A popular seafood specialty is poisson complet or the whole fish. The entire fish, excluding internal organs, is prepared and fire-grilled, but it can also be fried, grilled or sautéed. It is accompanied with potato chips and either mild or spicy tastira, made by frying green peppers, tomatoes, onion and a little garlic, all of which is finely chopped and served with an egg poached or sunny side up. Finely chopped fresh parsley is sprinkled on top; a drizzle of lemon juice and a pinch of sea salt complete the recipe.


Tunisian sauces, which are closer to spicy broths, are an integral part of dishes. Otherwise olive oils are often used as sauces.

Harissa or hrissa is often said to be a Tunisian sauce, but it is better described as an ingredient of Tunisian cooking or a seasoning. Harissa is made of red chili, garlic, salt, cumin, coriander, olive oil, and sometimes also caraway or mint.

Kerkennaise and mloukhia are other frequently used sauces. Kerkennaise is made of capers, olive oil, tomato, scallions, coriander, caraway, cumin, parsley, garlic, white vinegar and paprika. Mloukhia is a dark green sauce served with shredded lamb or beef.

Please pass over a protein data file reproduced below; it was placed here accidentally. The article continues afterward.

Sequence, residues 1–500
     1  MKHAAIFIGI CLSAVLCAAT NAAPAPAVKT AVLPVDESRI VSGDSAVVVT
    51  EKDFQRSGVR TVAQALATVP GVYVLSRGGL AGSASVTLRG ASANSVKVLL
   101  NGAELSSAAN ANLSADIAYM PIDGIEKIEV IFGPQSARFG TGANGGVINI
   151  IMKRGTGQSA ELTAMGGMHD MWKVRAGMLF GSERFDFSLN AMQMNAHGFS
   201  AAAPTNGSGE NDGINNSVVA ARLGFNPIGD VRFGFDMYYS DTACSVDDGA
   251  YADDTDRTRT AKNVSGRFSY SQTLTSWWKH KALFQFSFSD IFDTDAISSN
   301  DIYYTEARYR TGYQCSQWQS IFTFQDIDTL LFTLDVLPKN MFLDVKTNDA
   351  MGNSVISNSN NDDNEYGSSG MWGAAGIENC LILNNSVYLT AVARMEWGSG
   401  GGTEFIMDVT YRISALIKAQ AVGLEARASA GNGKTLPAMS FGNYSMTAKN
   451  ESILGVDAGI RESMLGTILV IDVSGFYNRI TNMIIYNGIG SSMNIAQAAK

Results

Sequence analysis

Brik, a Tunisian version of börek, is stuffed thin warka pastry, commonly deep fried.
Traditional Tunisian bread being made
Tunisian pastries
Mechouia salad

See also


  1. ^ Editorial Staff (2022-09-29). "Tunisian Cuisine — Mentality, Spirit & Character". Carthage Magazine. Retrieved 2023-10-19.
  2. ^ Alan Davidson (2014). Tom Jaine (ed.). The Oxford Companion to Food (3rd ed.). Oxford: Oxford University Press. p. 835. ISBN 978-0-19-967733-7.
  3. ^ Janes, Lauren (2016). Colonial Food in Interwar Paris: The Taste of Empire. Bloomsbury Publishing. ISBN 9781472592842.
  4. ^ Kouki, Mohamed (2000). Tunisian Gastronomy. Tunis: El Wafa. p. 22.